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Why Everything You’ve Heard About Cancer Is Wrong (And Right)

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A study looking at 31 types of cancer has found that the majority of those cancers – about two-thirds – are due to little more than bad luck.

But if you’re a healthy eater, don’t give up just yet.

The study, conducted by Cristian Tomasetti and Bert Vogelstein at Johns Hopkins University School of Medicine and Bloomberg School of Public Health, was published in January in Science magazine.

In the study, Tomasetti and Vogelstein examined 31 types of cancer, and concluded that among 22 of those types of cancer the DNA mutations which cause cancer seemed to appear randomly. The remaining nine types of cancer were attributable to lifestyle choices environmental factors and inherited predispositions.

What Causes Cancer?

It is widely accepted that genetic errors are responsible for cancer formation. Normal cells are programed to die after a certain period of time while cancer cells do not have this “knowledge” built into them. Cancer cells keep on growing and take over localized areas of the body. Eventually cancer cells can metastasize and travel to distant sites throughout the body.

What Does Research Say About Causes of Cancer?

What is significant about the study that Tomasetti and Vogelstein conducted is the degree of randomness which caused DNA to mutate. Many cancers are caused by a combination of genetic factors and lifestyle. However this study emphasizes that lifestyle may not impact the formation of several cancers as much as chance.

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It is important to note that the authors stress that prevention and healthy lifestyle habits are important for the prevention of one-third of the cancers that they studied. They are:

  • Medullary thyroid
  • Colorectal adenocarcinoma
  • FAP colorectal (colon)
  • FAP duodenal (colon)
  • Lynch colorectal (colon)
  • HCV hepatocellular (liver)
  • Human papillomavirus-16 head & neck
  • Lung cancer
  • Skin cancer (Basal cell carcinoma)

Other studies also indicate that environmental and lifestyle factors are responsible for the formation of many of the most common and fatal cancers that are prevalent today.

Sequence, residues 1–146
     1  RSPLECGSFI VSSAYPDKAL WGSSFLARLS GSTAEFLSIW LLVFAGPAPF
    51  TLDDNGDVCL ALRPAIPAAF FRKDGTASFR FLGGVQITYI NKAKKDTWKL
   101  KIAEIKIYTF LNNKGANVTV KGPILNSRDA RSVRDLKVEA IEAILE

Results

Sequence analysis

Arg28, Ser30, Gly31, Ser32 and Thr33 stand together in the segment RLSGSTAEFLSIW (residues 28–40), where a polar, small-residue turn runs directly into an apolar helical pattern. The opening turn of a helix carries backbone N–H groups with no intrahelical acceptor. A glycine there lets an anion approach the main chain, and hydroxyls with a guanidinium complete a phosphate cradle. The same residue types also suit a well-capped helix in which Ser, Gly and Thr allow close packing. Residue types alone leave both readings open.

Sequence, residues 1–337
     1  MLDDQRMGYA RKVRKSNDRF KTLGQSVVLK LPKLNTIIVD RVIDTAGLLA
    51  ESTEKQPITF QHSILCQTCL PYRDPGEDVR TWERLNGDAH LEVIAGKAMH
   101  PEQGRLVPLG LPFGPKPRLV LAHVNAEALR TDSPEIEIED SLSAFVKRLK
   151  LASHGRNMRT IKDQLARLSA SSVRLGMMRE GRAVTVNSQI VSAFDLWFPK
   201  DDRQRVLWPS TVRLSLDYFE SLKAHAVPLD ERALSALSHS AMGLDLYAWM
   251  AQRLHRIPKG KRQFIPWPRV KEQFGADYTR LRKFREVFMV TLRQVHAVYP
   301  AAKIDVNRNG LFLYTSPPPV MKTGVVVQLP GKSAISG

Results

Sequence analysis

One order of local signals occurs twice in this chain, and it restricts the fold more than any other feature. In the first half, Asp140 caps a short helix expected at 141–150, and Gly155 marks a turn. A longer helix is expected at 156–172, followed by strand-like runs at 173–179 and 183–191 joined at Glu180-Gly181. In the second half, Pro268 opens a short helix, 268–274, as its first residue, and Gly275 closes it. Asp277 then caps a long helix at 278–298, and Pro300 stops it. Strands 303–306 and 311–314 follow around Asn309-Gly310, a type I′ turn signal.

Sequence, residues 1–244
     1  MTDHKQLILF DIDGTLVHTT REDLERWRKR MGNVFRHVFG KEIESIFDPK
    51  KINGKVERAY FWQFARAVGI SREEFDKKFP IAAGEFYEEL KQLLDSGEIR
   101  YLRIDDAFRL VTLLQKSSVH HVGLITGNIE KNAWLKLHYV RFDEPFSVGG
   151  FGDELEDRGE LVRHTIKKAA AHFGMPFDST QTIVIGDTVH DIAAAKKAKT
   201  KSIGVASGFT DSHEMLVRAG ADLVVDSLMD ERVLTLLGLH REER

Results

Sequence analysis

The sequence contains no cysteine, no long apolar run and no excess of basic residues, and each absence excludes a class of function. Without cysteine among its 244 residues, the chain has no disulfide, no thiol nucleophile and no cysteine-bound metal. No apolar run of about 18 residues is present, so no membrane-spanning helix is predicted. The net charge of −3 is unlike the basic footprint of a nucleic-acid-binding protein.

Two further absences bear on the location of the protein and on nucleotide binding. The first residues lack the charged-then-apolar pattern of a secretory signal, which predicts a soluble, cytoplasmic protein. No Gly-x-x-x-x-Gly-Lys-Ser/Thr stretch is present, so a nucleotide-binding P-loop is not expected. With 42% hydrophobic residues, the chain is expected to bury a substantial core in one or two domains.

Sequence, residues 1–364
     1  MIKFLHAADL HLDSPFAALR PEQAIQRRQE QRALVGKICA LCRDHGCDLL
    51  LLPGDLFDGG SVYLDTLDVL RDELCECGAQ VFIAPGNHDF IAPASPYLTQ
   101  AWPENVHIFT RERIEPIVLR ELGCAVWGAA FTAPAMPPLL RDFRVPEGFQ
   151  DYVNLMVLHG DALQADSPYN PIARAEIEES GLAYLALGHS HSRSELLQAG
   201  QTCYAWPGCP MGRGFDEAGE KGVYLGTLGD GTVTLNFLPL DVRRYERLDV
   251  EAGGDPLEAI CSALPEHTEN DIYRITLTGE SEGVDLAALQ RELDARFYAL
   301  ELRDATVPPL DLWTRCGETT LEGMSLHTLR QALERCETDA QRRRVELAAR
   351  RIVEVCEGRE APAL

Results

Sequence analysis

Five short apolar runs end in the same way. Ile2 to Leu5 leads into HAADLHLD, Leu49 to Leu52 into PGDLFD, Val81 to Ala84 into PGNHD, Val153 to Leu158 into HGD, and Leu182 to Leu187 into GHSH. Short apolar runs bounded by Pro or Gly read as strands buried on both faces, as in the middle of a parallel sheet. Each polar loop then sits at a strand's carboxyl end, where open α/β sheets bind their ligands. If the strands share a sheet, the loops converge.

hospital visitThe American Cancer Society notes in its “Cancer Facts & Figures 2015” data that approximately one-third of all cancers are caused by people being inactive, overweight and eating poorly. They go on to state that smokers are 25 times more likely to contract lung cancer than non-smokers. Many cancers are related to infections, according to the society. Prevention of infections and early diagnosis and treatment are critical with these cancers. Examples of cancers which have viral components include liver, cervical and stomach cancers.

Many of the deadly and common cancers today are believed to have strong lifestyle links. Breast cancer is linked to alcohol consumption and obesity. As noted above, lung cancer is frequently due to the use of tobacco. Skin cancer is often precipitated by not protecting the skin from radiation damage and sun exposure.

Many other studies indicate that cancer is linked to chemicals in food and the environment. Plastics, exposure to electromagnetic forces and shift work may contribute to breast cancer formation.

So What Does all This Mean?

As a health care practitioner, I find the research interesting and necessary. As an individual who has thrived after having breast cancer many years ago, I am grateful that research is ongoing and hopeful that lives will be saved. I am concerned that people may misinterpret research and adopt the common attitude of, “Well, something is going to kill me. It’s just the luck of the draw. I’ll just do what I want since if one thing doesn’t kill me, something else will.”